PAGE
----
Hi, my name is Shauna Garrett and I am the owner of Psychotherapy Billing Systems, a billing service dedicated to the needs of mental health professionals. I am starting this blog because I feel that I have so much information to share with therapists about insurance billing and general practice management. I hope you learn something that can help your practice.

Should I use a billing service?           images

This is a great place to start and will be the topic of my first post. If you choose not to use a billing service I am still going to share lots of things that are going to help you smooth out the administration of your private practice.

A billing service can greatly reduce your administrative burdens. If you choose to do your own billing, I want to walk you through some of the things you need to know.

First…..know what insurance panels you are on. If any. You will have to choose whether to contract with private insurance. There are benefits both ways.

*If you choose to be in network with a health insurance,  the benefit for you is they will send you patients. You will show up in their directory and you can accept their patients but you will have to accept their “in network” rate which will include a discount or write off. As an example, for Anthem Blue Cross of California, if you are a LMFT, you can expect to receive $66.00 (approximately, rates vary) for your 90834 session. If you bill them $150.00 or $300.00 you will still receive $66.00 and write of the rest. If the patient has a $20.00 copayment, you will receive $46.00 from the insurance and $20.00 from the patient. The benefit to this arrangement is Anthem BC of California has lots and lots of patients. If you get on their panel you will have a large pool of patients to see.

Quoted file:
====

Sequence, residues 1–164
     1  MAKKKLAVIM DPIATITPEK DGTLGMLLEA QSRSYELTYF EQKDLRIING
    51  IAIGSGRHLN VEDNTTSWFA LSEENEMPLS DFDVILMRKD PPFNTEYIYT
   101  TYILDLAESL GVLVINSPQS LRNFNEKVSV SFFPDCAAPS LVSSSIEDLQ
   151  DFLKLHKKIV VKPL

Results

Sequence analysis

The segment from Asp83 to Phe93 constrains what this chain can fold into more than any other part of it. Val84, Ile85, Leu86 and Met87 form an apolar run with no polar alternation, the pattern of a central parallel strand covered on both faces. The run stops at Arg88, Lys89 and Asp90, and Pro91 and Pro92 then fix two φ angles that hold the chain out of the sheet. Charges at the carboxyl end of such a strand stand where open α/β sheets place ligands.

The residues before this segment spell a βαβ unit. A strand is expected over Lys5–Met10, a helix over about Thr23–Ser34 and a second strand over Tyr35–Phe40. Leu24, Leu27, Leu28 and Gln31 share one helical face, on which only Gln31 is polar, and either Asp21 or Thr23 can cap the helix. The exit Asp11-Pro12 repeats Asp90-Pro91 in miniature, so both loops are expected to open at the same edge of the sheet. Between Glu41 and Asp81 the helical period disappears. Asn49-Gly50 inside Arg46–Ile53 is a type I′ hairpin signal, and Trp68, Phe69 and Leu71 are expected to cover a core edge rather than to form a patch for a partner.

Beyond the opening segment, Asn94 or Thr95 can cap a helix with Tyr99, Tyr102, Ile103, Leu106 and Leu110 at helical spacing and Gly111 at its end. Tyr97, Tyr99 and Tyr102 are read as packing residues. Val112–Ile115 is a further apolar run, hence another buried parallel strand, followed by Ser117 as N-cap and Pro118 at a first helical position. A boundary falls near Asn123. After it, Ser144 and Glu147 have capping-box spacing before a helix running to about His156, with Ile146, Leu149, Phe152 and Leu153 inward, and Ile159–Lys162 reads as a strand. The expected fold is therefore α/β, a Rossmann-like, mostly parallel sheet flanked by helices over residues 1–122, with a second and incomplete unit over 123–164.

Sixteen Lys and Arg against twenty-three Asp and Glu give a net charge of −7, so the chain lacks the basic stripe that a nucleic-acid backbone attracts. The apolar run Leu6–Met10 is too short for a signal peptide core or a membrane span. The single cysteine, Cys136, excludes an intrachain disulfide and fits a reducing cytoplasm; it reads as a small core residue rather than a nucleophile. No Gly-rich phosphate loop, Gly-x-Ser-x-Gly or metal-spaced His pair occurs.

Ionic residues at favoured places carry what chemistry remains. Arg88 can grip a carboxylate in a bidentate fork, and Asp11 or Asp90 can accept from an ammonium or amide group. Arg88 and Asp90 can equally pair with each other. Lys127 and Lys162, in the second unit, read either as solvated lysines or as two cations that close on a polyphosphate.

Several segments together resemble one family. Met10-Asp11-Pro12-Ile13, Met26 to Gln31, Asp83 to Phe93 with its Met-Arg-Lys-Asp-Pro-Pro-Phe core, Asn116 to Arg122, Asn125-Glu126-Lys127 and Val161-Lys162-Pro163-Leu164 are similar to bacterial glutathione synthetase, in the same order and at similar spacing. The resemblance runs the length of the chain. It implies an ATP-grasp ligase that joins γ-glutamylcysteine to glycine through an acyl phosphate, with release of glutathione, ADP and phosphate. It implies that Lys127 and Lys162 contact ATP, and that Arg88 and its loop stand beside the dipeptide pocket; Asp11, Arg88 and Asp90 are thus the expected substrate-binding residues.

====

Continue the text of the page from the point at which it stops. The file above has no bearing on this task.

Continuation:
*If you choose to be out of network with health insurance, the benefit is you can charge what you like. For example, you can set your fee as $200.00 per session and if the patient has insurance you can go ahead and bill the insurance for out of network benefits. The insurance may pay $50.00 and the patient would pay the remaining $150.00. Word of caution here, you should collect up front until you determine that the insurance will definitely be paying for services and that the check will come to you. Some insurance companies will pay the patient directly for out of network claims. Not everyone will have out of network benefits. If a patient has an HMO or EPO or a variety  of others there is no out of network. Generally out of network benefits have a larger deductible and larger copayment for the patient. If you choose to go this route, you can collect your fees up front and give your patient a “superbill” which they can submit to their own insurance and you do not have to worry about any billing. The downside to this is that your pool of patients will be very small. Most people pay for their insurance benefits and want to use them. If they have insurance often they will want to use their insurance plans providers.

Next Post: Determine a new patients insurance benefits